Yeah, I think we mostly agree. It seems there's some misplaced blame on people who advocate for women's self-defense classes, but mostly I think there's a lot of misinterpreting the criticism of rape culture as criticism of self-defense. Context is everything, and looks like the criticism (at least the criticism that's reasonable) is criticism of the framing of the discussion, not a criticism of self-defense classes.
It just seems like there's something going on here that feels a little bit like a bunch of people saying "hey, the way this discussion around self-defense and sexual assault happens reinforces rape culture and patterns of victim-blaming" and a bunch of people responding "self-defense is great and feminist, and totally not victim-blaming!" Sometimes the first side isn't the most eloquent, but I'm not sure I believe that the second side there is honestly not understanding the complaint. It reeks a little bit of anti-feminist rhetorical tactics that seek to make feminists look like a bunch of oversensitive squabblers who don't know what's good for them. You know?
I mean, I sympathize with the plight of the self-defense instructor who can't talk about what she does and all its positive aspects without being called a victim-blamer and/or rape apologist. I think that's ridiculous. But I don't think the vitriol is really being directed at self-defense classes and instructors. It's a response to the conspicuous lack of other responses to the issue of rape. It's a response to the use of self-defense classes as justification for not talking about ways to prevent sexual violence in the first place.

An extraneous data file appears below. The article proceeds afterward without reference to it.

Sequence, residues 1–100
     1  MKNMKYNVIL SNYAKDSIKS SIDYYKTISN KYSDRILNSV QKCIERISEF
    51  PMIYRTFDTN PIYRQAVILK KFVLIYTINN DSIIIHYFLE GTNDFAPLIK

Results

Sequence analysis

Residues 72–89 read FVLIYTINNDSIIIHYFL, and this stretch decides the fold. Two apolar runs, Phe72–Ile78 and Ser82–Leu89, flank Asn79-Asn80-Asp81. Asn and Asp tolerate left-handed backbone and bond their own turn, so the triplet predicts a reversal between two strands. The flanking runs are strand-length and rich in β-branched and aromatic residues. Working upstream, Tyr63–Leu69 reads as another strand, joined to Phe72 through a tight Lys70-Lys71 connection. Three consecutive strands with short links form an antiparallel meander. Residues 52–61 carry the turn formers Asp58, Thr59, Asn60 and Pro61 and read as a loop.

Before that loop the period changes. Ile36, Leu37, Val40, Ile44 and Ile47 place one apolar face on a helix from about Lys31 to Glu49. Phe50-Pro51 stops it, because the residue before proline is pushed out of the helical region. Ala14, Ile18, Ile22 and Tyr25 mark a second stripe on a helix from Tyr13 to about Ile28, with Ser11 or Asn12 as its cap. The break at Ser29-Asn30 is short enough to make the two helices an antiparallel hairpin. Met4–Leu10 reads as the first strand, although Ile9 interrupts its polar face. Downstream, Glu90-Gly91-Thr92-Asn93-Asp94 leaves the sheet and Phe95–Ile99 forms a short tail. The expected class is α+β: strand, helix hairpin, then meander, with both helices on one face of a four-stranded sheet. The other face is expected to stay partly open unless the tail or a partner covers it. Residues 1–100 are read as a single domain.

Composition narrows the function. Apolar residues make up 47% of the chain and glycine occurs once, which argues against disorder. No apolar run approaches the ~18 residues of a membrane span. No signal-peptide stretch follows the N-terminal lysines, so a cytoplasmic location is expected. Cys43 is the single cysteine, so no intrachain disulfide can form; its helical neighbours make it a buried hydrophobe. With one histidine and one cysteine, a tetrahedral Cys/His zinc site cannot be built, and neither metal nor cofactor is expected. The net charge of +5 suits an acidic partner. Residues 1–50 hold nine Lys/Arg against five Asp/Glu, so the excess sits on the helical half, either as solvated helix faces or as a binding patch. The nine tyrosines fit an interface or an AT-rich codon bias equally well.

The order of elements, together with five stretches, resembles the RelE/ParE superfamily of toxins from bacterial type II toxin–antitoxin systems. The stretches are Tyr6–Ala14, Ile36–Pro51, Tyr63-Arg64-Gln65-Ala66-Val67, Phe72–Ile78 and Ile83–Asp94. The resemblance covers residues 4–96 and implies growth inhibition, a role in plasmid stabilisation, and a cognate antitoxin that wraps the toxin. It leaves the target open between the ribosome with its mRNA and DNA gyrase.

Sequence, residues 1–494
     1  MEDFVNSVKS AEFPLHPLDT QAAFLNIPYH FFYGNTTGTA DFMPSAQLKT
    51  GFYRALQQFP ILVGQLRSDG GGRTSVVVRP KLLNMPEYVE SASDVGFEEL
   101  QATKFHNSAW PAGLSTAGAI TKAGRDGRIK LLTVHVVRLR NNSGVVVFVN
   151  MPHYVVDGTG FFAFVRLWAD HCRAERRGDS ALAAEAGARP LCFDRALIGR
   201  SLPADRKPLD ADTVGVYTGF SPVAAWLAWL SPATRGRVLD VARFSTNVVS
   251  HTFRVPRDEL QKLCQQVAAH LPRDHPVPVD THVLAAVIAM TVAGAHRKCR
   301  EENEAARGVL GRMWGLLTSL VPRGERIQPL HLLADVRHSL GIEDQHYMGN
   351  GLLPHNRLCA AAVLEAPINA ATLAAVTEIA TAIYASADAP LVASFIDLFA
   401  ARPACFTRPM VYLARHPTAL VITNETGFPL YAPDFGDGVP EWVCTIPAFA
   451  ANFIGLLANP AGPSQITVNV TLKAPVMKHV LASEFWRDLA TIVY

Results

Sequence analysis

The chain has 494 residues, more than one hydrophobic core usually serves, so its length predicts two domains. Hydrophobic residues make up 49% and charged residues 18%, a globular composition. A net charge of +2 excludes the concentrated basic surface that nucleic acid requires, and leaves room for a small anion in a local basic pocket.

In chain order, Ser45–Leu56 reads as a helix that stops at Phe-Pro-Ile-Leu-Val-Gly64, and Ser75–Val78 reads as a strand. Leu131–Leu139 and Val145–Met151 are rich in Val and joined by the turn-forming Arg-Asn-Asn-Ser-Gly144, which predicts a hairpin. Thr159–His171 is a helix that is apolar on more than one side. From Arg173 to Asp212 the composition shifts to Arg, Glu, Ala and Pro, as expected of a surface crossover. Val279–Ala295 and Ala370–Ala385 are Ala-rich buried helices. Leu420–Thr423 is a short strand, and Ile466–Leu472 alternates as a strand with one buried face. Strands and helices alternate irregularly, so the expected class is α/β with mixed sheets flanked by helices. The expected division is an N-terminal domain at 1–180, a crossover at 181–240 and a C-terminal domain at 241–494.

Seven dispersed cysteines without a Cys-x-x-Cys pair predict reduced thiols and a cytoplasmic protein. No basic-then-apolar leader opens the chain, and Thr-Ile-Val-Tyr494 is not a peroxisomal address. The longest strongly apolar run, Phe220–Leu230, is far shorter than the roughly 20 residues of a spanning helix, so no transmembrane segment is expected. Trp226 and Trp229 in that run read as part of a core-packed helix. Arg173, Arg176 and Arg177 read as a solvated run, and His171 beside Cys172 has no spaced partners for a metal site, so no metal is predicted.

And I really don't think it's that hard to talk about things other than self-defense when the context is sexual assault. It's not the responsibility of the self-defense instructor, but it is the responsibility of the people and the venues for discussion, if they're going to talk about violence prevention and solutions to rape culture.
It's inarguable that women's self-defense classes are used as a tool of rape culture to reframe discussions about sexual violence as something that's a given, as something that women bear the burden of preventing and the blame when it does occur. That's not the fault of self-defense classes, but it is a reality. I think the minor inconvenience of being careful when we talk about the benefits of self-defense is worth not contributing to rape culture.
I also think it's just a liiiiiittle bit disingenuous to take tweets as really representative of the criticism of the self-defense discussion. Twitter is not exactly a great medium for conveying nuanced ideas with clarity.
I call bullshit. Just like the reality of rape is complicated (as the author states: rapists are responsible for rape but victims are not powerless), the discussion of self-defense is complicated. The people who are conscious of this discussion in the context of a culture that blames women for their own rapes are not wrong. Talking about self-defense techniques as a response to sexual assault is a reinforcement of rape culture if it's not done carefully. Pretending like that's not true is playing dumb.